Thursday, 19 July 2012

The Weight of the World

This is the weighted quilt I wrote about a few days ago. As I mentioned, weighted quilts can be calming or soothing for people who have sensory issues (such as many people on the autism spectrum) or restless legs. I had to photograph it lying flat on the ground, because the added weight means it won't hang nicely on a wall, even if I had tape strong enough to hold it! It's 35 x 45in.

I started with a 14x18 layout of squares cut from my stars stash (and a few plainer dark blues), layered the top with a single layer of plain black cotton (more strength to keep the pellets in) and pinned them as I would a regular quilt sandwich, then fused four five-point stars and appliqued them with a small buttonhole stitch by machine.

I then created the double-decker sandwich; charcoal flannel backing, wool/cotton wadding to soften the pellets, plain black cotton (pellet security), then the pre-layered top, and re-pinned the whole lot. I quilted around the edges and the channels, then worked my way up the quilt, filling and quilting as I went, and double-securing the ends of every seam.

I then added plain black binding in my usual manner - but slowly, due to the need to manoever all the tiny pellets away from the needle and keep it straight and even (which was harder than I'd thought).But after hand stitchign the binding to the back, I reinforced it with a neat row of machine stitching. I don't like machined bindings usually - I don't like the visible stitching, and they're rarely neat all the way around. But hand stitching first gives the back a perfectly straight (and perfectly placed) finish, and makes the final machine stitching much neater. Of course, this approach won't please those who choose to machine bind for reasons of speed, but in this instance it allowed me to add strength to the finish without sacrificing neatness.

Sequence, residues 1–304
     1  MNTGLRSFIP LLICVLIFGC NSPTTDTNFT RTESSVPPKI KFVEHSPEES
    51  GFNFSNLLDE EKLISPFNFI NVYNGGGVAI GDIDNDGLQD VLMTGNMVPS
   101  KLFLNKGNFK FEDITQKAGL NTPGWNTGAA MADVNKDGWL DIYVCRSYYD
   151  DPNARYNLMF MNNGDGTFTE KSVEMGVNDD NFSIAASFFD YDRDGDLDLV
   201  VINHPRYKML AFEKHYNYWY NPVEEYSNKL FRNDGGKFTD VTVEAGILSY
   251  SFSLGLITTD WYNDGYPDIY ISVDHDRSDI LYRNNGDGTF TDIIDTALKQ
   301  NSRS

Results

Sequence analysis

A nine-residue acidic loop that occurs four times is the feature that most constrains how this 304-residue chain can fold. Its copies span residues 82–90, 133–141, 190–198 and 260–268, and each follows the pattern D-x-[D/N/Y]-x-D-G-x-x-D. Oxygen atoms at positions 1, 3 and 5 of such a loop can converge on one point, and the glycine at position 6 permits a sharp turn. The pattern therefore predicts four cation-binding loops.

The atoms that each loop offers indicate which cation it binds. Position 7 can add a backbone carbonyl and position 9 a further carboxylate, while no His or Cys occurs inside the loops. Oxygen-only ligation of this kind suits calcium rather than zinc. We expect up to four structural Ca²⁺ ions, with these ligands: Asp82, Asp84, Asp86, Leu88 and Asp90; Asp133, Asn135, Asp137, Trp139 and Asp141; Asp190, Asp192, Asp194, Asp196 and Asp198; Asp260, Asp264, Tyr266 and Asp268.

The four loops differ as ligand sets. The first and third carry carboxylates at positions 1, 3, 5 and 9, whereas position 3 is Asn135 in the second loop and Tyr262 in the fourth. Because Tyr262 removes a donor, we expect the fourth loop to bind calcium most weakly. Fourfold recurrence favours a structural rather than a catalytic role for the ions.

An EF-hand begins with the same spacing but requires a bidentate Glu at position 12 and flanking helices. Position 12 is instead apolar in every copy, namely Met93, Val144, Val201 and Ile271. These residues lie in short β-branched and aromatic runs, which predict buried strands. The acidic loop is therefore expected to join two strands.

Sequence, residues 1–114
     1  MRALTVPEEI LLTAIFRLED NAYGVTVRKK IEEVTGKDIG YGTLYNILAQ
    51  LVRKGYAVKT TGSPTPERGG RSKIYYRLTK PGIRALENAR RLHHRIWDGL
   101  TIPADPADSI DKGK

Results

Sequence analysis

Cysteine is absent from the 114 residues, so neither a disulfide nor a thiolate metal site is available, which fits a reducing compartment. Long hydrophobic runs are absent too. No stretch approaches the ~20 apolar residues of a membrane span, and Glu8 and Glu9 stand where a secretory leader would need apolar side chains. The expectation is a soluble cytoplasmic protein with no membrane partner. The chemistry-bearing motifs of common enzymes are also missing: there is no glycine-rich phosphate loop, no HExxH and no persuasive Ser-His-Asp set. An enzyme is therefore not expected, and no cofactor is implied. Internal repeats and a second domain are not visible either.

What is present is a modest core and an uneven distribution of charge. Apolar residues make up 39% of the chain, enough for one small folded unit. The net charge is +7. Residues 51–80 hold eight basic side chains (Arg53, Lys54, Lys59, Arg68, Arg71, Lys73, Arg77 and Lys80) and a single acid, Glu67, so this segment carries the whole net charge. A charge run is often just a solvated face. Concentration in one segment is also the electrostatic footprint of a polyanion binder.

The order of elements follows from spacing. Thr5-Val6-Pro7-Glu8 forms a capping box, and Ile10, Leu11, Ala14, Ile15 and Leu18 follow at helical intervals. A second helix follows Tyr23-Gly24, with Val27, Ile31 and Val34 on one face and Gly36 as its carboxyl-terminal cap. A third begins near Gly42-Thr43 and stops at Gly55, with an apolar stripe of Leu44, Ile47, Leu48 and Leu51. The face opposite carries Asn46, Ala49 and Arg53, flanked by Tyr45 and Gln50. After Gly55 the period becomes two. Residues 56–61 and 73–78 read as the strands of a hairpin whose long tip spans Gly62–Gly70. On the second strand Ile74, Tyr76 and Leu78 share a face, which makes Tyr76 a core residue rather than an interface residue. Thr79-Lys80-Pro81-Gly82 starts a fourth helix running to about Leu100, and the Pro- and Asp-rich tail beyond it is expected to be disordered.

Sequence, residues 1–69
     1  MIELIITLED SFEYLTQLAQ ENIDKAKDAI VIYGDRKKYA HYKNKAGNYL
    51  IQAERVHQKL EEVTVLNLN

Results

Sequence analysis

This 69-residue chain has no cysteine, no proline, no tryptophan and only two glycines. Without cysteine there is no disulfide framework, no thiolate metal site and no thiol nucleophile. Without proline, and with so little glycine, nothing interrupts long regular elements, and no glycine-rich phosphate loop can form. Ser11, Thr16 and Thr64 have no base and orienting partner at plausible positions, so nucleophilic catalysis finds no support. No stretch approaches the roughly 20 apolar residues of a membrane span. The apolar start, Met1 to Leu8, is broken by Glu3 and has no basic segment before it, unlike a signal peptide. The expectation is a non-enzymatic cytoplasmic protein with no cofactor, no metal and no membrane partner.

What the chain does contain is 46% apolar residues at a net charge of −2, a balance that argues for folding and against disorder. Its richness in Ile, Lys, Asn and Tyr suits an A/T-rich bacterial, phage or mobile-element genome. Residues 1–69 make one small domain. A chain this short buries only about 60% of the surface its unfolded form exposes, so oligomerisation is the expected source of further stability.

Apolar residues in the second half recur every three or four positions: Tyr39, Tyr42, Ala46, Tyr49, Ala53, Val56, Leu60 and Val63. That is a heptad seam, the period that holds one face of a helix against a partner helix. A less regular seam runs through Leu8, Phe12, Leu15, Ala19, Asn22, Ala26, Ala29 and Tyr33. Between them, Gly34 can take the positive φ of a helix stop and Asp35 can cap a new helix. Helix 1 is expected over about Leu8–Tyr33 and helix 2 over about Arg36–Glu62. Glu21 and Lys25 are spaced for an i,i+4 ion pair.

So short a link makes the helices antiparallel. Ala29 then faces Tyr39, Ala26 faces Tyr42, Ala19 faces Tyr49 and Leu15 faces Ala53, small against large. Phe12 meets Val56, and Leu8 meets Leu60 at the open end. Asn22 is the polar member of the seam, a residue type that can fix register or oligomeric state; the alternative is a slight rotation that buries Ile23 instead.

In a few places the stars overlapped the grid for the pellets, but rather than put ugly dark blue lines across the stars, when I came to a star, I followed the shortest path around the edge of the star back to the original gridline, so a few of the pockets are slightly odd shapes!

I've sent this quilt off already, and I hope it works as intended for the little boy - and that he and his mother like it!


M-R Charbonneau said...

Great job, Emma. I love the value shift. I'm sure the little boy and his mom will love it!

Houseelf said...

Lovely work and good solutions to the problems of using the extra weights. Well done.

Lynette said...

I hadn't heard of a weighted quilt before. What are the pellets? How did you put them in? The appliqued stars look terrific on the pieced background - so much dimension.

Anonymous said...

Thankyou Emma; we love the quilt you made for our little boy; it looks beautiful in his room and he sleeps so soundly under it. This morning he was still lying in his bed after waking rather than running to our room because he was so relaxed.

Unknown said...

Besides the pellets what else would i delete if I want to make a regular quilt and where can I get the pattern? My grandson would love this for Christmas.